Edward “Luke” Packard’s grandson Chris Dahlke is a thirteen year old eighth grader and has been studying the violin for eight years with Shelley Beard Schleigh. He plays with the first violin section of the Delaware County Youth Orchestra and the Delaware Honors Festival Orchestra. He is a member of the Camerata Honors Program at the Music School of Delaware. He studies with many top professionals and has numerous awards to his credit. Here you can here him play a Mendelssohn Concerto.


Margot is now first violinist in the Vanderbilt orchestra, Here she is with Peggy Runger followoing a recent concert:

Peggy Runger and Margot Kenagy



Just for a change of pace: How many of you remember our 45th, when the Ed Polcer All Stars played at our reunion Friday night? Ed is Class of 1958, so when we didn’t hire him again at our 60th Marcia and I went over to 1958, where he was playing for his own class. At our 45th, his closing number was a rousing “Hindustan”. Here you can again hear Ed playing Hindustan in an Eddie Condon tribute in Switzerland some dozen years ago. Ed is the short cornetist with the white trousers and blue blazer. After Eddie Condon died, Ed bought the Eddie Condon night club in NYC. He is still going strong and has a number of CDs. This version is a “jam session”, i.e. a version with a double or even triple “front line”. Watch especially the give and take between Ed and Tom Baker, the other cornet player, when they have their 32 or whatever bars. Enjoy, and if you want more, contact me and I’ll steer you in the right direction: USE EARPHONES WITH YOUR COMPUTER FOR THE UTMOST ENJOYMENT.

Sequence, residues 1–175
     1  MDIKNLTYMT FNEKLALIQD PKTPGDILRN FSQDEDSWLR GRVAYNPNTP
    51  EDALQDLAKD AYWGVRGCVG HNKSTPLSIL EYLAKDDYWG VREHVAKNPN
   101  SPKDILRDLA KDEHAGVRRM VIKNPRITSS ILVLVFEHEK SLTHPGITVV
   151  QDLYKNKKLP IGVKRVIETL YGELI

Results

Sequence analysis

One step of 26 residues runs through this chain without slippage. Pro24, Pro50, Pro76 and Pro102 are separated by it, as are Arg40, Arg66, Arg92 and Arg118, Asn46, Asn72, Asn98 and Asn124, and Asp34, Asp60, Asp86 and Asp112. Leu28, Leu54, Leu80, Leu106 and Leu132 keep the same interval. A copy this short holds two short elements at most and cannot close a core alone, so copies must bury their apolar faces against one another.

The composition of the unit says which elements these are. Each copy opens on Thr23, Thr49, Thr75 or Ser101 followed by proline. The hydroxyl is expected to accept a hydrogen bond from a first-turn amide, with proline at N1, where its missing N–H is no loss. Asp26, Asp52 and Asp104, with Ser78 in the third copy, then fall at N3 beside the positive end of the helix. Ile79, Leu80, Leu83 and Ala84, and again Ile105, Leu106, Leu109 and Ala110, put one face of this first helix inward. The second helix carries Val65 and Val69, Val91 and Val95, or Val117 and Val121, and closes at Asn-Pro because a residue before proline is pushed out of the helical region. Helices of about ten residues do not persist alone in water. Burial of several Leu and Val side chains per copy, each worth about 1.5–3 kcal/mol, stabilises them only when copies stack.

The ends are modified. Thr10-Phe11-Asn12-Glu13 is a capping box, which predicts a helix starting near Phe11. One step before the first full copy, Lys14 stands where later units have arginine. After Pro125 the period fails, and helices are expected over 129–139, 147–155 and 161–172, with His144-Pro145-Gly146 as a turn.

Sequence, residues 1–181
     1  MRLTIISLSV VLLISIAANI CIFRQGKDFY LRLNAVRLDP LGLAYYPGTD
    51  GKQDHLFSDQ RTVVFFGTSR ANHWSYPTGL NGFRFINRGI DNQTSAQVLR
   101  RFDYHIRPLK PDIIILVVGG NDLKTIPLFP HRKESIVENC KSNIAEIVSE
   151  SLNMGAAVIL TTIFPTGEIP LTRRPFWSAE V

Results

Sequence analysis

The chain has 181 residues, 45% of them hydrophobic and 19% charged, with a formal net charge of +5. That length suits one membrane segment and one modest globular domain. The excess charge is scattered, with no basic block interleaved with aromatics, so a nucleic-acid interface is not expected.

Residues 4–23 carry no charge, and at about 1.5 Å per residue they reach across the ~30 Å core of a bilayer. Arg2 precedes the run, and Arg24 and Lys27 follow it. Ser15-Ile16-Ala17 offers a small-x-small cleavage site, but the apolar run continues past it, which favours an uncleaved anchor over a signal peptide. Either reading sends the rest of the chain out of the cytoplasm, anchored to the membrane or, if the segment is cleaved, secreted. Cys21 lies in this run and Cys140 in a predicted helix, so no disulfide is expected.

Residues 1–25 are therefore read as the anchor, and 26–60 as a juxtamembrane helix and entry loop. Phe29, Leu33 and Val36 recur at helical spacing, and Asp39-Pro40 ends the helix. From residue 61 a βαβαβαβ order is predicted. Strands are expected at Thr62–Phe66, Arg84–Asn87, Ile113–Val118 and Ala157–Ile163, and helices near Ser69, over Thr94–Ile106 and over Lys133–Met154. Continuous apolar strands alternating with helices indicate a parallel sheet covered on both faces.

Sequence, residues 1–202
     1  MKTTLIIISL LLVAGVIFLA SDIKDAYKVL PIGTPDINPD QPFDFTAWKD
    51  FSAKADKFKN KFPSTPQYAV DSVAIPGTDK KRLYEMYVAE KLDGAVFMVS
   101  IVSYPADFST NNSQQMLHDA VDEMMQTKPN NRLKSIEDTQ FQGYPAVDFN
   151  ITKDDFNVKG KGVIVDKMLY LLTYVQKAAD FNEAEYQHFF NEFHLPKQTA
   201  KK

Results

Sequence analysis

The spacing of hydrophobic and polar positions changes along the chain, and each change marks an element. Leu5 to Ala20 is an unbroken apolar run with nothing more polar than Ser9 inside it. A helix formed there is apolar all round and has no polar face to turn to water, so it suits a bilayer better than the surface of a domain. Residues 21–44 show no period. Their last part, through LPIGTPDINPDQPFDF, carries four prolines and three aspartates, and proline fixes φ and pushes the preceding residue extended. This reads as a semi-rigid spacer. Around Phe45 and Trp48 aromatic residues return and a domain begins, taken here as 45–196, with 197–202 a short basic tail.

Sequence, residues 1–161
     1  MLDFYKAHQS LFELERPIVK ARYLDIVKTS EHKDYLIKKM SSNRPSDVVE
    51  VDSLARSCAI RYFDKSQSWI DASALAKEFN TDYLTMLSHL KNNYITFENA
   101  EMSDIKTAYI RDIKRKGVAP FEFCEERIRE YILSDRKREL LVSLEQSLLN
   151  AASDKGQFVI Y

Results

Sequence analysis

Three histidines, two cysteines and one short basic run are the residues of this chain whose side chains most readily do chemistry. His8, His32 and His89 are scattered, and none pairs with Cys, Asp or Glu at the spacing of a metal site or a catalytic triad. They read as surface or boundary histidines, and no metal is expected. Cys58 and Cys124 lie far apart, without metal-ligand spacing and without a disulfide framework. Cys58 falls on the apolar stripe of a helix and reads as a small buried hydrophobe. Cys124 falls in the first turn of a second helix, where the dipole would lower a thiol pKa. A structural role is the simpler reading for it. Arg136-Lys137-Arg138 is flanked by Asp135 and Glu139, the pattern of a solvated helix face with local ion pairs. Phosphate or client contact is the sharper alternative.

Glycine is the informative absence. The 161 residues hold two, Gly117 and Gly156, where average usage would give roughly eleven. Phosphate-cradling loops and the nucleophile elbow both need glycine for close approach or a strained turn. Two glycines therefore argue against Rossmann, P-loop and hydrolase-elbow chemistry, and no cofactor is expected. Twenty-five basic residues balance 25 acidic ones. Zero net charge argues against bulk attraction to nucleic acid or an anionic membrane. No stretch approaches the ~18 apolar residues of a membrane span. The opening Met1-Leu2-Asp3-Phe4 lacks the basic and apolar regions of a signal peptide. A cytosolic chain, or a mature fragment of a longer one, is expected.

Dr. Gumperson has been a major part of my life since I first read about him in the London Edition of the Wall Street Journal in the early sixties. He has played major roles in my fly fishing efforts and the weather and just about anything else that I attempt to do. You may find that he has been part of your life all these years also. Read on:

Gumperson’s Law

Example of Martin A. Dale ’53 Summer Award

Photographer Maggie Zhang ’16 explored one of the world’s great street-art centers- Melborne, Australia-with help from Princeton’s Martin A. Dale ’53 Summer Award. Read about her trip and view works by some of her favorite Melborne artists at paw.princeton.edu.